Encouraging innovation in basic sciences drives exciting biomedical prevention breakthroughs. But finding products that work is not enough. In another plenary, Dr. Sharon Hillier stressed the need to develop HIV prevention approaches that are less stigmatizing, more easily incorporated into daily life, are desirable and are provided in settings that are less medicalized. USAID supports a number of products that are beginning to make this vision a reality. Current technologies being developed are discreet, longer acting, easily "on demand" and multipurpose. A small sample from HIVR4P includes: proof-of-concept for freeze-dried topical microbicide inserts and an exciting poster on biodegradable, subcutaneous arm implants for delivery of drugs to treat and prevent HIV.

Vaginal rings in all stages of development were also a hot topic at HIVR4P. Many presentations focused on methods for refining the measures to gauge how much the rings were actually used during trials. Refining these measurements is key to a better understanding of the product's ability to prevent HIV, without being confounded by cases where the product was not being used at all. One study presented found that women reporting a social harm in the last month were 2.53 times more likely to have low adherence during the ASPIRE vaginal ring trial, emphasizing the need for non-adherence strategies that help reduce social harms. Two ongoing open-label extensions of ASPIRE and The Ring Study, HOPE and the USAID-funded DREAM trial, will offer new insight into when, how and why women use the ring.

Poster saying "How can I prevent HIV? Taken daily, PrEP is an additional prevention option. Includes figure of a heart.
A poster of Wits RHI's campaign on display in South Africa.
Credit: Wits RHI

USAID's Microbicide Product Introduction Initiative (MPii) was featured in numerous posters throughout HIVR4P and culminated in a well-attended satellite on Friday. MPii's five projects, CHARISMA, OPTIONS, GEMS, POWER and EMOTION, work to accelerate the introduction of products into real-world settings and aim to increase access to advances in biomedical technologies and new approaches for HIV prevention – all while focusing on what African women actually want as the end user. MPii EMOTION partners, IDEO and CONRAD, presented educational materials, product packages and service delivery mechanisms informed by human-centered design and socio-behavioral research. An example that stood out was a pill carrying case that looked more like a blush container with a rubberized interior for the placement of seven pre-exposure prophylaxis (PrEP) pills, combined discretion (no pill rattling!) with an easy way to keep track of taking the pill or not. Later, Wits RHI and McCann Health teamed-up under OPTIONS to show how empowering messaging can influence PrEP demand creation in South Africa with their "We Are the Generation that Will End HIV" campaign.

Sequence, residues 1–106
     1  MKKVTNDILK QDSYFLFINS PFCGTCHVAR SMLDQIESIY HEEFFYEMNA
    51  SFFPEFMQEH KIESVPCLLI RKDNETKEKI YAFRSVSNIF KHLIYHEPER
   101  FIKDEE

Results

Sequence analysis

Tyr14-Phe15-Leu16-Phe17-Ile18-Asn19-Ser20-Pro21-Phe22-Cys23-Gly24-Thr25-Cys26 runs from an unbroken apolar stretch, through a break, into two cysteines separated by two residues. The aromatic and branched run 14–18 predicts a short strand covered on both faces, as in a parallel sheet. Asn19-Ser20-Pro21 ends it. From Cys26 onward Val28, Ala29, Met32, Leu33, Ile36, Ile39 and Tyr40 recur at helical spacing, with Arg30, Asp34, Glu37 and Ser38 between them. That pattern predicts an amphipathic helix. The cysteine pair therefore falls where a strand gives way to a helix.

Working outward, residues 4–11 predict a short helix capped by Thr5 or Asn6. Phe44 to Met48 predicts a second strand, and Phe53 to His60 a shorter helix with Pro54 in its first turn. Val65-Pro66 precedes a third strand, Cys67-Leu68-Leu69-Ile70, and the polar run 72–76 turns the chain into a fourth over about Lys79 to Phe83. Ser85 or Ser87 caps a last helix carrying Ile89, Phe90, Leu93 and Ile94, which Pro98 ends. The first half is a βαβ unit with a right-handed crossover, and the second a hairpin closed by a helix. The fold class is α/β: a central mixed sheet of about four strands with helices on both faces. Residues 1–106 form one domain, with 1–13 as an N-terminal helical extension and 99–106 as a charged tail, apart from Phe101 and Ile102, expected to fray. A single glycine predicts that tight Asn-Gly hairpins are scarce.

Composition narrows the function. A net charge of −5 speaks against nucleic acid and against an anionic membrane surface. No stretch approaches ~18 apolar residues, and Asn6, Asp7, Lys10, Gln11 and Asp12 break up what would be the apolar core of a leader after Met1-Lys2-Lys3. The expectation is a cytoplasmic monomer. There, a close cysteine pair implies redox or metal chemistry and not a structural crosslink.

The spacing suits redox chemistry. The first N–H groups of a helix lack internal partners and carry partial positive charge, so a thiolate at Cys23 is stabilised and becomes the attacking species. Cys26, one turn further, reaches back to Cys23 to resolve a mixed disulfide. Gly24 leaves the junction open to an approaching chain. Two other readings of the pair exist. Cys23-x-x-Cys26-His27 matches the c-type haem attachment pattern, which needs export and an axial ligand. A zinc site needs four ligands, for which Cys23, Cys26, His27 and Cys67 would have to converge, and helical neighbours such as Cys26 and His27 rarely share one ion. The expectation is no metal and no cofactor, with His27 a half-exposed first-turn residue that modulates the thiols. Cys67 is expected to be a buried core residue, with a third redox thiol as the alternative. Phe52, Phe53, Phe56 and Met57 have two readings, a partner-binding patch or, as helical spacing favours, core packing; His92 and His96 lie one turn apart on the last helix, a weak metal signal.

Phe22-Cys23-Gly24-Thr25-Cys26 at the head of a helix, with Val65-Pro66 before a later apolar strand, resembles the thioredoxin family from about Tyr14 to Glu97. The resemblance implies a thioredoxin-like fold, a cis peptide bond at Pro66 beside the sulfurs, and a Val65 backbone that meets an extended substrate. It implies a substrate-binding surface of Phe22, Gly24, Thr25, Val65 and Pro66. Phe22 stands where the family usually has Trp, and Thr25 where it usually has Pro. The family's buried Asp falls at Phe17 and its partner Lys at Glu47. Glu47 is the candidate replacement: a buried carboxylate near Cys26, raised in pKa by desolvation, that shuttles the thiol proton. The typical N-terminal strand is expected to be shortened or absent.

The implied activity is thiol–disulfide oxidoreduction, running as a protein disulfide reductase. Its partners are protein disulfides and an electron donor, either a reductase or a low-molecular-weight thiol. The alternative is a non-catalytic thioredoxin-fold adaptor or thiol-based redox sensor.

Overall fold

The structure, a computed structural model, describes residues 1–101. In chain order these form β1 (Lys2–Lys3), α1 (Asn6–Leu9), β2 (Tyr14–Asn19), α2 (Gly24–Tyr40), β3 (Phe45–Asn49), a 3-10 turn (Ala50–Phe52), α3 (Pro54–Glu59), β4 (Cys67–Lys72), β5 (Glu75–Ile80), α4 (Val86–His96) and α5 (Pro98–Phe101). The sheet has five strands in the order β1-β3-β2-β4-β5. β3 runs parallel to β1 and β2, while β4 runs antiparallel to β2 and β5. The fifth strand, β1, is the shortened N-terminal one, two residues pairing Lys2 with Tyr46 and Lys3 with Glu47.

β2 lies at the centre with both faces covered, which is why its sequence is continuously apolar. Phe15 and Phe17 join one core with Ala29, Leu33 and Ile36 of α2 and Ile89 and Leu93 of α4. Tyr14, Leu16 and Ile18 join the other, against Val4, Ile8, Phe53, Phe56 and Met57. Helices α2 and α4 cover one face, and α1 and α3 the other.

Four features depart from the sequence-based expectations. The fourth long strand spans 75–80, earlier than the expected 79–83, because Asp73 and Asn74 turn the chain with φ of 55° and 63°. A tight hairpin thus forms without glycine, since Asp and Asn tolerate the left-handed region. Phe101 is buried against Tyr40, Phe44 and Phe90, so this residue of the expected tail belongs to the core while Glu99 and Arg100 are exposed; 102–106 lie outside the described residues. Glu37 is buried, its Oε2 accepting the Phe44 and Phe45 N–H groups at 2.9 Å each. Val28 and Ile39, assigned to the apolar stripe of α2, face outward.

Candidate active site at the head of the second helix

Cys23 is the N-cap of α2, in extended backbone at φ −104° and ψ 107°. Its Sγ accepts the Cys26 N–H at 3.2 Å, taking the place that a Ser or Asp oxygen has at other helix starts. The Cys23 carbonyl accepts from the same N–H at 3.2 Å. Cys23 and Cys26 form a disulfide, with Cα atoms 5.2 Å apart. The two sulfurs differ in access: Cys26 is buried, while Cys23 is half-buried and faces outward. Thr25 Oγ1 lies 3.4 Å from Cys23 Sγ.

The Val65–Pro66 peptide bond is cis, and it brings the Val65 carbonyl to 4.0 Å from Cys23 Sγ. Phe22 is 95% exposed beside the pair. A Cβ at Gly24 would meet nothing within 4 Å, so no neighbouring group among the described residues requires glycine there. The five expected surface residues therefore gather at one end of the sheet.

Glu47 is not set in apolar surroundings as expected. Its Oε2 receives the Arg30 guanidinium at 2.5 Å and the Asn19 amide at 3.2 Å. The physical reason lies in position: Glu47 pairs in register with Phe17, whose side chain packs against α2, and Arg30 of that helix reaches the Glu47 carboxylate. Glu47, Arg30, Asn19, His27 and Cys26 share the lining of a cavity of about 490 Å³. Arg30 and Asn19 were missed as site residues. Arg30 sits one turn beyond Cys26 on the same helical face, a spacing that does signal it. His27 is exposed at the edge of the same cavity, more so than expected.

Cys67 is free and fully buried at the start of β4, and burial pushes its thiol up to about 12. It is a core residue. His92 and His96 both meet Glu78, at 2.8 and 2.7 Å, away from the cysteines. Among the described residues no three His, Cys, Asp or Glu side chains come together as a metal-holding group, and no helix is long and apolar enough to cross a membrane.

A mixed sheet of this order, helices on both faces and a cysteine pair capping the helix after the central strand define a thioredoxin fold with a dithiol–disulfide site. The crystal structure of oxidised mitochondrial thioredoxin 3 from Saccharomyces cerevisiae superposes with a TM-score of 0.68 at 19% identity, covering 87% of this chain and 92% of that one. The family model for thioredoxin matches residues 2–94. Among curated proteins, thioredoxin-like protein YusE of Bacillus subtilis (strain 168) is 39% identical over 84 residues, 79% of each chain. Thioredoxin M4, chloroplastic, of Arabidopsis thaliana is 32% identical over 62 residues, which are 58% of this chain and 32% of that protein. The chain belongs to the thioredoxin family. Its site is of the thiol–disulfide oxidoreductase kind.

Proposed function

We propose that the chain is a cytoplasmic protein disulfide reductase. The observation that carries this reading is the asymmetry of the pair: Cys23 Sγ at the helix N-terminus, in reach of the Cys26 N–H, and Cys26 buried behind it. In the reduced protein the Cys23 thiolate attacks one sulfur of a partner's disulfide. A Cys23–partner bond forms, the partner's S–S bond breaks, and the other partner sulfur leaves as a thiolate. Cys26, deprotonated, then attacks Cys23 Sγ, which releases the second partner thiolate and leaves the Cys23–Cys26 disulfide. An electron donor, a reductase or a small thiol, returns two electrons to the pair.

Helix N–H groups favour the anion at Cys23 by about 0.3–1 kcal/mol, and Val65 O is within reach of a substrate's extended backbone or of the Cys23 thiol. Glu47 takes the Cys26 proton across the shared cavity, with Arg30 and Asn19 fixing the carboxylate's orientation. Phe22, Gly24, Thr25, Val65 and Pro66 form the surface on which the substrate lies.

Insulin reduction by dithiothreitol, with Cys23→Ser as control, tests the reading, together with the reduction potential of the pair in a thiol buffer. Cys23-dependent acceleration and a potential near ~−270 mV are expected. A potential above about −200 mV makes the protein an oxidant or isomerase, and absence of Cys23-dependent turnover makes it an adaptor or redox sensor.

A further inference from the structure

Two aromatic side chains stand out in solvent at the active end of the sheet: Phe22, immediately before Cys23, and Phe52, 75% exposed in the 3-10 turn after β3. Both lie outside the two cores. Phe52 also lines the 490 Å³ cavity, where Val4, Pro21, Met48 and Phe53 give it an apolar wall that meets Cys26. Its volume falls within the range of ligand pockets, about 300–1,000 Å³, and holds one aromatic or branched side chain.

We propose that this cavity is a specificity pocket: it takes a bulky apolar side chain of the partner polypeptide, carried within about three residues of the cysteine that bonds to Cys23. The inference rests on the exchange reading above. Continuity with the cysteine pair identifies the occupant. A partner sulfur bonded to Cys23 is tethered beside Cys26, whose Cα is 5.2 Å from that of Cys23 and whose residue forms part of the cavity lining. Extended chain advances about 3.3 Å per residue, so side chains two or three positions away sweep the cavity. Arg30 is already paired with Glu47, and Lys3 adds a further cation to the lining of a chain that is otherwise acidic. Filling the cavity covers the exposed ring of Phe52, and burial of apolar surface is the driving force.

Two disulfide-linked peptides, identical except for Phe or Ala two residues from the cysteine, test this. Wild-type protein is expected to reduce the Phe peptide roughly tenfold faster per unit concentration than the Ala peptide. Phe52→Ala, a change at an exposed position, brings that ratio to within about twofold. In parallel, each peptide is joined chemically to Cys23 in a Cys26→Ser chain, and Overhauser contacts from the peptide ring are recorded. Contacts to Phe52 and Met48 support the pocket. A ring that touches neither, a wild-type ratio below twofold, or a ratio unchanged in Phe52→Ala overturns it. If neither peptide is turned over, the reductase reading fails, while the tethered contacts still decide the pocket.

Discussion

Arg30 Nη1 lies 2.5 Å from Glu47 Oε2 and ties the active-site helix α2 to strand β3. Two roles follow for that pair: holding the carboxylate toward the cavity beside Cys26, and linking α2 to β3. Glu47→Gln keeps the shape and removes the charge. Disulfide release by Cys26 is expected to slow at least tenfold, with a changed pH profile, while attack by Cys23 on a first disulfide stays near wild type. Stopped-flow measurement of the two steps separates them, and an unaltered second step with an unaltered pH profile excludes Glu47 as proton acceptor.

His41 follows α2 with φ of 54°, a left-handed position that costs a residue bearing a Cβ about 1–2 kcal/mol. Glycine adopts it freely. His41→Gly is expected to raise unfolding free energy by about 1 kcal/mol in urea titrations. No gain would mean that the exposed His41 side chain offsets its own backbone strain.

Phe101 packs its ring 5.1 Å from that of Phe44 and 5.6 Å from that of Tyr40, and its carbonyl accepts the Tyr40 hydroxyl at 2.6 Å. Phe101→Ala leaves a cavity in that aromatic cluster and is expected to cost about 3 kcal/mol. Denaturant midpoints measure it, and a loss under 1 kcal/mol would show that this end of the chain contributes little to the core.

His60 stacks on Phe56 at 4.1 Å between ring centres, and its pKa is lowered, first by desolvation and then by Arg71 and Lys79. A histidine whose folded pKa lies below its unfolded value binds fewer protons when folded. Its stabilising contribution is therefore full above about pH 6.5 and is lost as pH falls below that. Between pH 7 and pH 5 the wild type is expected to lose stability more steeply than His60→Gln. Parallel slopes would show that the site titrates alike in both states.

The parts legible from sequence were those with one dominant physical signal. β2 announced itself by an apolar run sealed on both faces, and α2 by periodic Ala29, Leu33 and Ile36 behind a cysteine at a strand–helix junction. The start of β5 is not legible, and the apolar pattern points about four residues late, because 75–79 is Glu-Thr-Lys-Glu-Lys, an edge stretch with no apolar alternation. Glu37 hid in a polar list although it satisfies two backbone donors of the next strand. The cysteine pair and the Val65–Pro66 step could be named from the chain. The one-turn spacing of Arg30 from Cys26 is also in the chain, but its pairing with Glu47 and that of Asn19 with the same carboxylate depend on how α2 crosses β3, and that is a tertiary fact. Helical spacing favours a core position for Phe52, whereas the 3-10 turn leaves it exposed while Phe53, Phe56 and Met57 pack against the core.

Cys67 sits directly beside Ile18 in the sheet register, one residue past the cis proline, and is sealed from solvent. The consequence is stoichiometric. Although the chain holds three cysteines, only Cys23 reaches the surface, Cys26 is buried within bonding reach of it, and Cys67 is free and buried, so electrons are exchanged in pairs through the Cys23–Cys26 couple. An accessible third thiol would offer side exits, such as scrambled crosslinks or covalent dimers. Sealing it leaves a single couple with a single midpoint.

Globally, prevention research plays a vital role in reaching an AIDS-free generation by 2030. So, what must the field keep in mind as we invest precious time and resources into finding tools to prevent HIV?

  • Ingenuity: Optimizing delivery of the prevention tools we already have while working urgently on new ones.
  • Collaboration: Maintaining and building partnerships that facilitate new thinking, fast and informed decision-making, while reducing duplication.
  • Individuals: Developing and implementing prevention methods for end-users, so they can meet their individual needs throughout their ever-changing cycles of risk.

The HIV research prevention field continues to innovate and persevere on all fronts, so onward to HIVR4P 2018!